Durban - Former president Thabo Mbeki this week denied a Sunday Tribune report in which he called on government to take action against Zindzi Mandela-Hlongwane, South Africa’s ambassador to Denmark, for labelling white people as beneficiaries of stolen land via Twitter.
He labelled the Sunday Tribune headline false in a statement released on Monday by the Thabo Mbeki Foundation and in reference to the story cautioned members of the public to "beware methods of mobilisation by means of false, emotive narratives and caricatures of derogation"
Today, the Sunday Tribune will release the 13 minute section of the full interview online where he shares his views on the Mandela-Hlongwane Tweet saga.
While the former statesman admits that he was "not up to date" on the issues surrounding Mandela-Hlongwane tweet he did offer an opinion how ambassadors should conduct themselves.
This after he said in the foundation statement this week that: "His reply was that he had not read the tweet. President Mbeki, however, explained the discipline and culture of the diplomatic world in which, as representatives of the president of the Republic and broadly the government, ambassadors and high commissioners represent official government policy; not their views and opinions".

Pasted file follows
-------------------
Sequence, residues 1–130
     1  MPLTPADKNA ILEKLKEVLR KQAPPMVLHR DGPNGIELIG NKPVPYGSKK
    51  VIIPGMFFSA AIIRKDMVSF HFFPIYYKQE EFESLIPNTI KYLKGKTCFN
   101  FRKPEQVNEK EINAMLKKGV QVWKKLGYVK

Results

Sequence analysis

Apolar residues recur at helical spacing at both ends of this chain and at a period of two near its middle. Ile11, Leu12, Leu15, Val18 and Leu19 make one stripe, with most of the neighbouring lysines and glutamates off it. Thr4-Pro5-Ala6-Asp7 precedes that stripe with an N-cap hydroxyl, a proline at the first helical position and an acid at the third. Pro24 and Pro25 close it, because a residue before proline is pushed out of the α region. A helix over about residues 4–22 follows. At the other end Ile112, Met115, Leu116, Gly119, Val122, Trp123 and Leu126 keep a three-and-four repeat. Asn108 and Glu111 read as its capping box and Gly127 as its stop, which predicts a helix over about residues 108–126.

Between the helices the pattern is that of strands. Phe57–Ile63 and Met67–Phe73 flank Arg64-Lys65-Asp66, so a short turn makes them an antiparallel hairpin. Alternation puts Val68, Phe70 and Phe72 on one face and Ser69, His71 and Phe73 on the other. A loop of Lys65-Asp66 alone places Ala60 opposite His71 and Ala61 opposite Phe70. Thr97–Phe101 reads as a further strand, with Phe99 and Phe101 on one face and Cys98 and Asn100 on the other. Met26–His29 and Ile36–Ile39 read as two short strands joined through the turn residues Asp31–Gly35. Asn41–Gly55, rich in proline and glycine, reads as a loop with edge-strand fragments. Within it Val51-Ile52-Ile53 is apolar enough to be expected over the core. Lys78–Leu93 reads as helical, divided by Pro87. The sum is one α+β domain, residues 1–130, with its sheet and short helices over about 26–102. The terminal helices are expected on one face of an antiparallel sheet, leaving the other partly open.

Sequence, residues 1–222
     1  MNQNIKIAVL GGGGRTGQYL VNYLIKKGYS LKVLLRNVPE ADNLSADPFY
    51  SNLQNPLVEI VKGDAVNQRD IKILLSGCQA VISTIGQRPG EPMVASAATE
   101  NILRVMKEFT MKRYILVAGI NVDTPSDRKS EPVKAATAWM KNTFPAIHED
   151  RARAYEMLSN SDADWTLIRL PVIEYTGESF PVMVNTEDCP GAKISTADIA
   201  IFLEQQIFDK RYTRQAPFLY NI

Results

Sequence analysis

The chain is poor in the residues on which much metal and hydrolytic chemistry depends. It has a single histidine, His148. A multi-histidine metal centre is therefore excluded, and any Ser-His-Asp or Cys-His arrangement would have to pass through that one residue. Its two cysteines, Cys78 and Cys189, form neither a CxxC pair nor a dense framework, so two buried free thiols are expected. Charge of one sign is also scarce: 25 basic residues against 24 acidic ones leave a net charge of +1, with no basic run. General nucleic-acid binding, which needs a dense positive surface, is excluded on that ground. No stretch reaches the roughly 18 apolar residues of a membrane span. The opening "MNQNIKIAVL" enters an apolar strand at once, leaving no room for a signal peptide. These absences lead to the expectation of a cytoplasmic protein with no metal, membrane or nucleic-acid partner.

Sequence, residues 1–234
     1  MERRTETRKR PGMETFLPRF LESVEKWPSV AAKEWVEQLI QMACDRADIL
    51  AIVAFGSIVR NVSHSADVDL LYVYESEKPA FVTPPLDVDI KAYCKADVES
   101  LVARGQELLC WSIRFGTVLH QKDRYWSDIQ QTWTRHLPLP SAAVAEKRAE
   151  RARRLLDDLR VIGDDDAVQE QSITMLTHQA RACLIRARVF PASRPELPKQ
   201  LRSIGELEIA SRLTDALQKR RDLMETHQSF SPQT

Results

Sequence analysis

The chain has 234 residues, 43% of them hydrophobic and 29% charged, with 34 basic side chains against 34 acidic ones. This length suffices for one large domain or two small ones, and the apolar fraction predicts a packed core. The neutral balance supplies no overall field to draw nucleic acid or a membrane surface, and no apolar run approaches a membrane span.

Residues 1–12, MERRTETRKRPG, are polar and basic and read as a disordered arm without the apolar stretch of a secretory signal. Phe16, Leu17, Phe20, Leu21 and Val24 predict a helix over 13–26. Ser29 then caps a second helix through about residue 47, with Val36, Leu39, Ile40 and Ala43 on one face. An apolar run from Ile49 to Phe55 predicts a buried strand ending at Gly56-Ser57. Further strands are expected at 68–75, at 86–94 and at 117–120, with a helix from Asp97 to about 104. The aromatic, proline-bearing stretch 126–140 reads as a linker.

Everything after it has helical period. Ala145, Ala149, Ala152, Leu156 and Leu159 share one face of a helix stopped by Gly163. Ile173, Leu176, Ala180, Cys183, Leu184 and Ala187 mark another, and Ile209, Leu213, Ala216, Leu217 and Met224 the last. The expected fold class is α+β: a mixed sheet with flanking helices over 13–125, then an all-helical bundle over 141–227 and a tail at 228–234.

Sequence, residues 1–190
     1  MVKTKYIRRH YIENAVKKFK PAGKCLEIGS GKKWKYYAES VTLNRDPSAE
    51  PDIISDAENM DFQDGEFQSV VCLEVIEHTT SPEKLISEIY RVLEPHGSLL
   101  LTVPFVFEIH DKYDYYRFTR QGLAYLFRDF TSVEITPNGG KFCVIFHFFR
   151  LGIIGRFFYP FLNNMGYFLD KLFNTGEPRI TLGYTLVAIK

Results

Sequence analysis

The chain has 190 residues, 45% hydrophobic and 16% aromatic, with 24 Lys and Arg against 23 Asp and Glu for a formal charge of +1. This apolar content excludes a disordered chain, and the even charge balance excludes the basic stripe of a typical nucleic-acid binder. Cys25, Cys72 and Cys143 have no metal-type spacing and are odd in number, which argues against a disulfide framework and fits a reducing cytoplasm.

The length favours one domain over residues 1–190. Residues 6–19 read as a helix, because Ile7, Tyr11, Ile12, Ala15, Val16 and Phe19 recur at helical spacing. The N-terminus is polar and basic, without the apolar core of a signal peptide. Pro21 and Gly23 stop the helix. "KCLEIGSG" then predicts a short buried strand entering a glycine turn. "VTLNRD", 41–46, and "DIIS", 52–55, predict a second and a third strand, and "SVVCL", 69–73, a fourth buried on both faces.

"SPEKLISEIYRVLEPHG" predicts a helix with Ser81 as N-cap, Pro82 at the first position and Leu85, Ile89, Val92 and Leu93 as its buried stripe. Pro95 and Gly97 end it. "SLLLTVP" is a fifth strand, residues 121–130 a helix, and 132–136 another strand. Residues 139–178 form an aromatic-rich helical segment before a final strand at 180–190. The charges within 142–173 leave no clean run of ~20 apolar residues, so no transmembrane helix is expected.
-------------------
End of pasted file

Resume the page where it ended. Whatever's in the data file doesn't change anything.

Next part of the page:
The Thabo Mbeki Foundation continued: "This is so in part because the system of government, as indeed the fabric of foreign policy, would be seriously imperilled were officials to express their personal views as and when they see fit. This has absolutely nothing to do with Ambassador Mandela’s views or her right to hold her views."
The Foundation said Mbeki had explained that prior to taking action, if such action was contemplated, the president or government would have to consider Mandela-Hlongwane's comments relative to the positions of government on the land question.
"At no point did he call for any action to be taken against Ambassador Mandela. This is borne out by everything the journalist quoted from President Mbeki," said the Foundation.
"We would like to caution members of the public to beware methods of mobilisation by means of false, emotive narratives and caricatures of derogation. Such methods do not in the least advance public understanding of vital political and public policy matters. To the contrary, they whip up a frenzy which serves the interests of the system we need to transform for the benefit of our people as a whole."